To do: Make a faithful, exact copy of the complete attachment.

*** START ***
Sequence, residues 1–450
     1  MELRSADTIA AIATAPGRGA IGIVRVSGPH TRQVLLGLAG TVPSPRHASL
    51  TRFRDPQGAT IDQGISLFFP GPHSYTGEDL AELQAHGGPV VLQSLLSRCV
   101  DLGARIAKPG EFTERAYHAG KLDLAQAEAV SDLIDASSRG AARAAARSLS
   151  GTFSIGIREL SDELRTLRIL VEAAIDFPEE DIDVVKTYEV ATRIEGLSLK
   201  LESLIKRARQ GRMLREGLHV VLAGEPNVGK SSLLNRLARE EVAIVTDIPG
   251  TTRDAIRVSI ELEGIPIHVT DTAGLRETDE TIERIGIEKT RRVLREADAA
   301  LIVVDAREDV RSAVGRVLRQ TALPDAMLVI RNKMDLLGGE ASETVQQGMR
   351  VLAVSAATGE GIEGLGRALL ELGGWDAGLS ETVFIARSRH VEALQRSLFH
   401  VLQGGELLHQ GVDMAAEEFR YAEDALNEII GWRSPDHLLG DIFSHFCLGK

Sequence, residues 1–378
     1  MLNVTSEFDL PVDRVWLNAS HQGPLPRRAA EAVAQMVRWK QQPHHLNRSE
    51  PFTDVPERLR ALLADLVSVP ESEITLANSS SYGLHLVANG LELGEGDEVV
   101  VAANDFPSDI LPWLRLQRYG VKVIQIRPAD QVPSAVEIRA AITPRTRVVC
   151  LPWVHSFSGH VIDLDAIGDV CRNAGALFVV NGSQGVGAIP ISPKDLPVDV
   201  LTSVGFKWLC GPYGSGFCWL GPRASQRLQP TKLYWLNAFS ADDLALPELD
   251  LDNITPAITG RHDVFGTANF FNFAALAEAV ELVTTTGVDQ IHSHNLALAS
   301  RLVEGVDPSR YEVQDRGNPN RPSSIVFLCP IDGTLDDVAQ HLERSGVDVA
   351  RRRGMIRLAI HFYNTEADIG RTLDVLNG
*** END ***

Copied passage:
Sequence, residues 1–450
     1  MELRSADTIA AIATAPGRGA IGIVRVSGPH TRQVLLGLAG TVPSPRHASL
    51  TRFRDPQGAT IDQGISLFFP GPHSYTGEDL AELQAHGGPV VLQSLLSRCV
   101  DLGARIAKPG EFTERAYHAG KLDLAQAEAV SDLIDASSRG AARAAARSLS
   151  GTFSIGIREL SDELRTLRIL VEAAIDFPEE DIDVVKTYEV ATRIEGLSLK
   201  LESLIKRARQ GRMLREGLHV VLAGEPNVGK SSLLNRLARE EVAIVTDIPG
   251  TTRDAIRVSI ELEGIPIHVT DTAGLRETDE TIERIGIEKT RRVLREADAA
   301  LIVVDAREDV RSAVGRVLRQ TALPDAMLVI RNKMDLLGGE ASETVQQGMR
   351  VLAVSAATGE GIEGLGRALL ELGGWDAGLS ETVFIARSRH VEALQRSLFH
   401  VLQGGELLHQ GVDMAAEEFR YAEDALNEII GWRSPDHLLG DIFSHFCLGK

Sequence, residues 1–378
     1  MLNVTSEFDL PVDRVWLNAS HQGPLPRRAA EAVAQMVRWK QQPHHLNRSE
    51  PFTDVPERLR ALLADLVSVP ESEITLANSS SYGLHLVANG LELGEGDEVV
   101  VAANDFPSDI LPWLRLQRYG VKVIQIRPAD QVPSAVEIRA AITPRTRVVC
   151  LPWVHSFSGH VIDLDAIGDV CRNAGALFVV NGSQGVGAIP ISPKDLPVDV
   201  LTSVGFKWLC GPYGSGFCWL GPRASQRLQP TKLYWLNAFS ADDLALPELD
   251  LDNITPAITG RHDVFGTANF FNFAALAEAV ELVTTTGVDQ IHSHNLALAS
   301  RLVEGVDPSR YEVQDRGNPN RPSSIVFLCP IDGTLDDVAQ HLERSGVDVA
   351  RRRGMIRLAI HFYNTEADIG RTLDVLNG